In the day and age of exciting space explorations, it is important to be wary of the unpredictable space environment unbecoming.
Space, as much as it is clouded in mystery, is also unpredictable. Part of this uncertainty can be attributed to its volatile weather. But, among all the various weather conditions that take place around the cosmos, what particularly affects us, space-faring beings, is space weather. Space weather are conditions in outer space arising from solar activity that can affect our planet, atmosphere and near-Earth space environment.
Although Earth’s atmosphere and magnetic field shelters our planet from the effects of solar activities (lucky for us on the ground!), the impact of the Sun’s radiation and charged particles is not so forgiving beyond our atmosphere.
Occasionally, surges of radiation can disrupt our electricity networks, satellite operations and communication lines. More seriously, geomagnetic storms, where space weather disturbs Earth’s magnetosphere, are capable of damaging and endangering orbital infrastructure.
These space storms do not only distort radio waves traveling through our planet’s atmosphere, which are highly vital to the accuracy of GPS systems, they also release radiation and charged particles that penetrate and upset electronic systems in spacecraft and satellites. This can lead to errors of different kinds, from as small as minor damages to even as large as total failures of satellites.
In a more recent event, SpaceX lost an entire fleet of Starlink satellites due to atmospheric drag caused by a solar-generated geomagnetic storm. The energy from the storm heats up and expands Earth’s atmosphere resulting in higher density in the planet’s thermosphere.
On a typical mission, satellites experience drag when hauling themselves into orbit. Engineers account for this drag when building the satellite and so, the satellites are able to overcome the force on a normal day. But increased density in the thermosphere caused by a geomagnetic storm leads to a more-than-normal amount of drag which the SpaceX Starlink satellites could not conquer, resulting in failure.
With our technologies advancing rapidly and the space sector growing exponentially, the safety of space assets have become more critical than ever. It is simply not enough to engineer space assets with state-of-the-art materials to shield against radiation. Space weather forecasts, on the other hand, have improved drastically over the past years and have shown to be the better option in safeguarding space assets against erratic space storms.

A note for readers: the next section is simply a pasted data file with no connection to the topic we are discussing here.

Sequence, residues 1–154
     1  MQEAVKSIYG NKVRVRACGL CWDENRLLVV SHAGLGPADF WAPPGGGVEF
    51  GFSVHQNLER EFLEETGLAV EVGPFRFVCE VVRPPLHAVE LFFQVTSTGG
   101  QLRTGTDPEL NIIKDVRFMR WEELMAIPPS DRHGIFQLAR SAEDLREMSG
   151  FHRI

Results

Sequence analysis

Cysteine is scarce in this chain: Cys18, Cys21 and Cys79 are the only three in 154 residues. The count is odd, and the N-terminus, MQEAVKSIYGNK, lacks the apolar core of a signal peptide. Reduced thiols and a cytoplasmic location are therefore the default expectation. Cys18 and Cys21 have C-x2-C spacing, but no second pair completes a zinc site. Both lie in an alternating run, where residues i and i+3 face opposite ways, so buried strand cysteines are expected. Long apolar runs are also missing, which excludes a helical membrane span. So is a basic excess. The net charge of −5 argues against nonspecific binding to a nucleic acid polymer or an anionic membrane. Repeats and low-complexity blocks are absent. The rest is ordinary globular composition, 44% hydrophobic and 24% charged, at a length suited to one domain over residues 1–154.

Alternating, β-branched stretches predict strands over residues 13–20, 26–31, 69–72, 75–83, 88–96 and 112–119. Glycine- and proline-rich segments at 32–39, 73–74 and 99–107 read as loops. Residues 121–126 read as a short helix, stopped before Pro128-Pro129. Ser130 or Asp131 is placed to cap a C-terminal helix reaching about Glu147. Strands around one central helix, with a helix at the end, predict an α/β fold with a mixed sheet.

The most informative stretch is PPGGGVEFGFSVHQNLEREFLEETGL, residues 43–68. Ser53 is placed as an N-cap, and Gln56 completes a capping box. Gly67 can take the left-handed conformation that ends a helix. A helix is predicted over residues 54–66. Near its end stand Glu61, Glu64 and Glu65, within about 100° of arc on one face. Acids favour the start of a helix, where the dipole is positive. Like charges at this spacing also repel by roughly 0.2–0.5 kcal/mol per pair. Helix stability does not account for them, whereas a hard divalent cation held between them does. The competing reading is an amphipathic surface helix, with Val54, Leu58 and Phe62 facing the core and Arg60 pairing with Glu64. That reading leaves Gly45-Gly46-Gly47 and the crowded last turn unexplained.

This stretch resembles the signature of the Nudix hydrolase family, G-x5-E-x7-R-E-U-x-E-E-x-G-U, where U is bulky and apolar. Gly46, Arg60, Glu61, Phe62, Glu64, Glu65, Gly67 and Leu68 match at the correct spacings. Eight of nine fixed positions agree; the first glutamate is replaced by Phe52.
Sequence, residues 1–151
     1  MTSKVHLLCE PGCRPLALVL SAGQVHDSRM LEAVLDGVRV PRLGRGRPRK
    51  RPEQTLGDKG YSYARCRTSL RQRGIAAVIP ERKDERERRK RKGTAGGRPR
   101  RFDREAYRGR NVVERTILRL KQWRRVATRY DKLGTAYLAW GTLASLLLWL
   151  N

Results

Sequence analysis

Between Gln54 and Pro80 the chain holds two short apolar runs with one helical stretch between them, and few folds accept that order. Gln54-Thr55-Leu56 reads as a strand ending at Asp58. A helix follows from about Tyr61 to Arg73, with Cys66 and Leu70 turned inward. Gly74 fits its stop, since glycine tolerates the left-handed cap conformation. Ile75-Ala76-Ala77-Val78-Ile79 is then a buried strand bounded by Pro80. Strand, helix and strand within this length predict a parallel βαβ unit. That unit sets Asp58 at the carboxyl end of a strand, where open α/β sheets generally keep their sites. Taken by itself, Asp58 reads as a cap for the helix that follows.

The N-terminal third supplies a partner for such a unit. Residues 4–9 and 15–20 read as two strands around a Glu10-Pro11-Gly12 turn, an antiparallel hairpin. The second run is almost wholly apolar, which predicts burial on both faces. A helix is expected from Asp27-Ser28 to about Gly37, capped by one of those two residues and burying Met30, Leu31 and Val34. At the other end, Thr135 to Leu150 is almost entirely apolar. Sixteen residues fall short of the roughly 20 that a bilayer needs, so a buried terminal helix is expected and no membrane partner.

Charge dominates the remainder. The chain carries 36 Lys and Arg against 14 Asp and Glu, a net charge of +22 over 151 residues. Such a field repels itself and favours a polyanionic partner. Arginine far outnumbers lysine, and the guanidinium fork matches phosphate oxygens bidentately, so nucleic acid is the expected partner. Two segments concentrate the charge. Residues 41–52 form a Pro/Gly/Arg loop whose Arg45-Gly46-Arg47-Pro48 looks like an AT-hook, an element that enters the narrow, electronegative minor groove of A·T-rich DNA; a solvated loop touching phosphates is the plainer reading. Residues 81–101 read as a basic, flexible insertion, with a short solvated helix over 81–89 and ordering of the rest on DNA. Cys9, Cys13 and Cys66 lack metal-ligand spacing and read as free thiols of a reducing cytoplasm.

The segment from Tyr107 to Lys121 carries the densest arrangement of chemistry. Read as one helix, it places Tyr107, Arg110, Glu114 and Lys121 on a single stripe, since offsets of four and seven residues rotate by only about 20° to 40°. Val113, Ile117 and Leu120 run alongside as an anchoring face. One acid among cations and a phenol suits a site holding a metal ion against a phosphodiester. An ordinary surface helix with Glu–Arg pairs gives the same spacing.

When researchers are able to accurately predict space weather, they will be able to protect assets by either turning off sensitive electronic systems or readjust the asset to avoid the oncoming storm. The National Oceanic & Atmospheric Administration (NOAA) has made its mission to monitor space and its weather on top of observing our planet. They use information collected by the Space Weather Prediction Center’s ground-based instruments and satellites to produce the necessary forecasts, alerts, and warnings required to safeguard infrastructure against hazardous space events.
In latest developments surrounding space weather forecasting, on March 1, 2022, NOAA successfully launched GOES-T, the third satellite in their Geostationary Operational Environmental Satellites (GOES) — R Series of advanced geostationary weather satellites to go into orbit. The three satellites in the series are equipped with sophisticated weather-surveillance systems to produce advanced imagery of weather on Earth, atmospheric measurements, and monitoring of space weather as well.
On a similar note, Dµst is a space management network that also doubles up as a space weather warning system. The Dµst Space Weather Service consists of two main elements:
- an OpenAPI for easy integration and management of alarms, alerts and planning
- and a Persistent Monitor that issues real-time notifications (alerts, warnings and critical information) of current space weather events in the form
These services are of particular importance to satellite operators, as phenomena occurring in Earth’s ionosphere have the potential to impact satellite operations, including communications and orbital decay.
Click here to register with Dµst Space Weather Warning Service for further updates space weather information and alerts.
The tantrums thrown by our Sun is not something that can be stopped or even controlled. It is up to us to manage our space operations to navigate around the solar activities to avoid damages to our technologies. And for that, we need to take on preventative measures with accurate space weather forecast systems.